Why are Mattresses So Expensive?

You walk through the home and furniture store—past all of the fancy cookware, draperies, and sofas—with one goal in mind: placing an order for a stunning new bed to go in your stunning new apartment. You look at one, then another, and then…you find it. The one.

You draw in a sharp breath upon seeing the price…but you can afford it, right? You planned for this.

But what’s that? The mattress isn’t included? It’s just a frame? And a mattress costs how much?!

You did not plan for that.

If you’ve wondered why mattresses cost so much, you’re not alone.

In this article, we’ll discuss the different factors that go into mattress pricing so that you can sleep a little easier tonight.

Costs of Retail

The first reason that mattresses are so expensive is a rather economical one:

The cost of retail is too high to just give mattresses away.

For us (the consumer), a stroll through Ashley Furniture HomeStore or Bed Bath & Beyond is a pretty fun and smooth experience. But there’s a lot that goes into making it so!

Mattress sellers have several costs and fees on their plate, from the cost of retail space to that of paying their staff members. And let’s not forget the costs associated with advertising and, you know, purchasing the mattresses they sell to you.

Because retail costs play a huge role in how much you’ll spend on your new mattress, you may want to consider purchasing one online. This will reduce the price a bit, as online selling cuts out the middleman (the retailer) as well as many of the traditional retailer costs.

Materials Used

Another factor that goes into mattress pricing is the materials used to make its fill and shell.

As a rule, mattresses made using higher-quality materials cost more than those made of basic or lower-quality materials. Those made using natural materials (like cotton) tend to have a higher price tag attached than those made from synthetic materials (like polyurethane)—and the price jumps up even higher when those natural materials are organic.

Lack of Second-Hand Market

Buying something brand-new almost always costs more than buying it used or pre-owned. This is why consignment stores, used goods stores, and shops of a similar nature are so popular—they allow you to purchase something that’s still in good condition for a whole lot less than you’d pay for it brand-new at the store.

But mattresses are…different, shall we say.

I don’t know about you, but I cringe at the thought of curling up to sleep on a used mattress. While you can sometimes find them for cheap at a Goodwill store (or for free on someone’s lawn), there’s a reason this is not people’s first choice when looking for a mattress. I mean…

  • Sweat, blood, and other fluids
  • Bedbugs, fleas, and other pests
  • Unappealing stains of varying colors and shades

And even if you’re willing to look past all that, the mattress is used. It will have lost a lot of its “comfort factor” and it might be torn/damaged.

Nine times out of ten, you’re better off buying a mattress new—even if it significantly bumps up the cost.

Specialties and Add-Ons

It can be expensive to buy a basic mattress—so what happens to the price when you throw in extras and specialties? (Nothing good, friend.)

There are all kinds of mattress upgrades available today. We have memory foam, cooling, and zoning to help us sleep more comfortably. You can purchase an extra-thick mattress to offer that additional support and plushness. Some mattresses are made using naturally flame-retardant coatings and can also be antimicrobial. Oh, and you can even find mattresses with fancy designs and patterns in the stitching.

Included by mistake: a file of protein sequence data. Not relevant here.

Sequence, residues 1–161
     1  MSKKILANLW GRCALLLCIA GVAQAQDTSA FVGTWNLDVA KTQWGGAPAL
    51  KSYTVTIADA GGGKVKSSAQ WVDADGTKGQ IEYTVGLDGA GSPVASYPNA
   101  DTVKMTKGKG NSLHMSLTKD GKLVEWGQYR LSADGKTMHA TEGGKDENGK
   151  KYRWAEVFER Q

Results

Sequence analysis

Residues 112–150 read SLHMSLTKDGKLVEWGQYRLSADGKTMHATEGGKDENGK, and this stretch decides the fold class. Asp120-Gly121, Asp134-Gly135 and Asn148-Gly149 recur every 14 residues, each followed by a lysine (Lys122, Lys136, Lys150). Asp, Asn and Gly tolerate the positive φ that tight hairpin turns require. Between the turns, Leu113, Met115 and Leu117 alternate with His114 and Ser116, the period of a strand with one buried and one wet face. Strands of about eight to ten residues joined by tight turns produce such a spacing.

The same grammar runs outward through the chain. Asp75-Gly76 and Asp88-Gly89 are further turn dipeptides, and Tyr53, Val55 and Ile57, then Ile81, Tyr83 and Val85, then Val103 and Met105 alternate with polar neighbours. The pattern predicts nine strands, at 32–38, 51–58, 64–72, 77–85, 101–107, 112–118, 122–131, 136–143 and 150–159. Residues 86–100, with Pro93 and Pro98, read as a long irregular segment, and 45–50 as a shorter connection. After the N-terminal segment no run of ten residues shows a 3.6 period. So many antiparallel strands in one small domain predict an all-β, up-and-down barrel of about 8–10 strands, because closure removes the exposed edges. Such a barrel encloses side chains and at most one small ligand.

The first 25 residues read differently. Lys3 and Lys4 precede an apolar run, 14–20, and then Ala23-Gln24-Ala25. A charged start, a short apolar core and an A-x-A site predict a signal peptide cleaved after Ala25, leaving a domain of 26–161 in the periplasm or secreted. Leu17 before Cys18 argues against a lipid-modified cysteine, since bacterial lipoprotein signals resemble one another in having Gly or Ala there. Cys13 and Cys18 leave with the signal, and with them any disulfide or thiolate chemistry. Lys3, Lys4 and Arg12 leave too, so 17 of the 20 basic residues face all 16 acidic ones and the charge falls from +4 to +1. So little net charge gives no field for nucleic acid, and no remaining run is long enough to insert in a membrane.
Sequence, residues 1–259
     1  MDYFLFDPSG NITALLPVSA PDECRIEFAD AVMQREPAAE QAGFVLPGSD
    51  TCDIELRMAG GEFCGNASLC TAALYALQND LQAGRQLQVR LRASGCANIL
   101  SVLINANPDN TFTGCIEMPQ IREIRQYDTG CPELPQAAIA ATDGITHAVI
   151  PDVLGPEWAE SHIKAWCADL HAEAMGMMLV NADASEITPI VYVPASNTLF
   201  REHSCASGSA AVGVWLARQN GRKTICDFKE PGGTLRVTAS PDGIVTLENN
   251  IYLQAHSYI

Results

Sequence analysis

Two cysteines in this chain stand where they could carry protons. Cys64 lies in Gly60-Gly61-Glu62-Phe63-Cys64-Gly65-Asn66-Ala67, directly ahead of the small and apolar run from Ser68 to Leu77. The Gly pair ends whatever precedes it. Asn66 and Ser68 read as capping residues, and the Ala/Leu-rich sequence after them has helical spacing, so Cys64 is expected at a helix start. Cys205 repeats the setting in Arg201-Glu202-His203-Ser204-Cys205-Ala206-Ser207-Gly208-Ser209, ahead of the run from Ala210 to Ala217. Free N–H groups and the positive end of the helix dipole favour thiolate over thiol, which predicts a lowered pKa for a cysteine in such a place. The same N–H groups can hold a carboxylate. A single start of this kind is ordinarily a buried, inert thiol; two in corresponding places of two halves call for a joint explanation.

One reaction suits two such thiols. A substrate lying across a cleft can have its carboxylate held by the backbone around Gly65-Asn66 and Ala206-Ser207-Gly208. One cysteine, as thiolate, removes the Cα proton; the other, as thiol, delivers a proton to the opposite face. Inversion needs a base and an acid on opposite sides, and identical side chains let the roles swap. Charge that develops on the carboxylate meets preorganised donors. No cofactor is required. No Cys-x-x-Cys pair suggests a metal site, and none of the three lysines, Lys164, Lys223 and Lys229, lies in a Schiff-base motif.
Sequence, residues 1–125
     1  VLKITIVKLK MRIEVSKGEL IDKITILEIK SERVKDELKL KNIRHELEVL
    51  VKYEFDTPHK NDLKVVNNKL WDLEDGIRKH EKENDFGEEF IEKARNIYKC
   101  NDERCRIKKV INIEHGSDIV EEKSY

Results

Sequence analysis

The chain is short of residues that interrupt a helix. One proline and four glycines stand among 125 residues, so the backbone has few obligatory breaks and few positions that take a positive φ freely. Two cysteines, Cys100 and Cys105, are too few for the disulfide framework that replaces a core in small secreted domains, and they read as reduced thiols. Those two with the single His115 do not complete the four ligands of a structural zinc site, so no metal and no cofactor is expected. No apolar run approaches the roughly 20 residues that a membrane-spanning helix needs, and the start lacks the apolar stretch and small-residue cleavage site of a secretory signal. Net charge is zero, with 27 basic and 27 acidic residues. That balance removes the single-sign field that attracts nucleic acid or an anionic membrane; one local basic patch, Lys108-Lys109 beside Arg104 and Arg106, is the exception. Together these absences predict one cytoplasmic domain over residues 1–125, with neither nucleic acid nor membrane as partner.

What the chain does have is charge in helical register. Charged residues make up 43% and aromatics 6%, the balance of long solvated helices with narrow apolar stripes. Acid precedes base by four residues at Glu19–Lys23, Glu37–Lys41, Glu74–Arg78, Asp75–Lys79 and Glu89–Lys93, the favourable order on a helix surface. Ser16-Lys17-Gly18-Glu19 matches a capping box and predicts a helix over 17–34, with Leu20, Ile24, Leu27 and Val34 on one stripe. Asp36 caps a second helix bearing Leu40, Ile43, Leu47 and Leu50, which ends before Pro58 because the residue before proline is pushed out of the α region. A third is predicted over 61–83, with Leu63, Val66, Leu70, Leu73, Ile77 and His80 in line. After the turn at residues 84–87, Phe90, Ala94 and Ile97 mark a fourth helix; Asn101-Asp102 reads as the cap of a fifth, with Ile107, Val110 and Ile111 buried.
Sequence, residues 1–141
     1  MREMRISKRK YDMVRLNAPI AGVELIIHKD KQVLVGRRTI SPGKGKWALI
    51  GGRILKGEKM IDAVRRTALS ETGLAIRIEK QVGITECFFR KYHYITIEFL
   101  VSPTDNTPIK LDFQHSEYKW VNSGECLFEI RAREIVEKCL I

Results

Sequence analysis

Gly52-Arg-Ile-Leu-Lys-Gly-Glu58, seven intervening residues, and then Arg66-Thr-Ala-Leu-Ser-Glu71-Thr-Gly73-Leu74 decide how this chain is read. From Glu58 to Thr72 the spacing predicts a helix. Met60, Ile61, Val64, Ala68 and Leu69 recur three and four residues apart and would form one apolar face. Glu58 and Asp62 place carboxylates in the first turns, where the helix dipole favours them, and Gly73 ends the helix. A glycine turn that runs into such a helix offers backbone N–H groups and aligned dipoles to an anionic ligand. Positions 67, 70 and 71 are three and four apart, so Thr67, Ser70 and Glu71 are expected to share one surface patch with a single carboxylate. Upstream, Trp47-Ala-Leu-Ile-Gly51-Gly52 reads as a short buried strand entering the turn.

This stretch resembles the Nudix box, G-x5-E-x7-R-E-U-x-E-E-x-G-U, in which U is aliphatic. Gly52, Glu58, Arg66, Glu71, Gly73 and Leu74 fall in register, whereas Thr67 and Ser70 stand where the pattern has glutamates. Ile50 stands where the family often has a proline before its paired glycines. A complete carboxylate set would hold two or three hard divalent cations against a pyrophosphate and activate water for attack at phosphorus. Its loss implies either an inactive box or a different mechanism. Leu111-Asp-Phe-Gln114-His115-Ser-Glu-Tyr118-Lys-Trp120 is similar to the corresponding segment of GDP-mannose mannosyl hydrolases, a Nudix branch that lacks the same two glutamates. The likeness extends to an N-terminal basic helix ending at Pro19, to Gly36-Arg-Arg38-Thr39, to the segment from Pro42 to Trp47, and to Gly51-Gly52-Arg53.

These things are nice. They’re luxurious. They can lead to a better night’s sleep.

But you’d better be willing to pay big for these “bonus features”!

Business as Usual

In order to keep their business in operation and turn a profit, retailers and mattress companies often have to employ a variety of sales techniques to increase their revenue. Popular techniques used when selling mattresses include upselling, price anchoring, and using different labels on very similar mattresses to make price comparison difficult.

When a retailer upsells, it means that they’re trying to get you to purchase a more expensive item or service. Let’s say you’re looking at a quality cotton-filled mattress and getting ready to buy. A sales rep might ask if you’re sure you want that one and try to convince you to buy an organic cotton mattress instead.

Price anchoring refers to the use of one price point to influence our feelings toward the price points of other, similar items or services. The seller makes sure their “anchor price” is the first one we see, because it will subconsciously influence how we perceive the prices of every other item we come across in the store. If we see that Mattress A costs X amount of money, we’ll use that price point as a reference for Mattresses B, C, and D—this allows the seller to manipulate you into spending more.

When a mattress seller uses different labels on similar products, this makes it difficult for the consumer to differentiate between their options. Let’s say Mattress A in Store X is white in color while Mattress B in Store Y is exactly the same, but more of a cream color. If the two stores price their respective mattresses a little differently from each other, this will confuse the buyer and make it more likely for said buyer to spend more.



There are many reasons mattresses are so darn expensive, from the various retail costs to cunning marketing ploys. One of the best—and most sanitary—ways to purchase a new mattress for yourself is to buy online. This cuts out many of the retail costs and also allows you to read what other buyers have said about the mattress.

Do you have any tips for finding a great mattress bargain? We’d love to hear your tips and any relevant stories!

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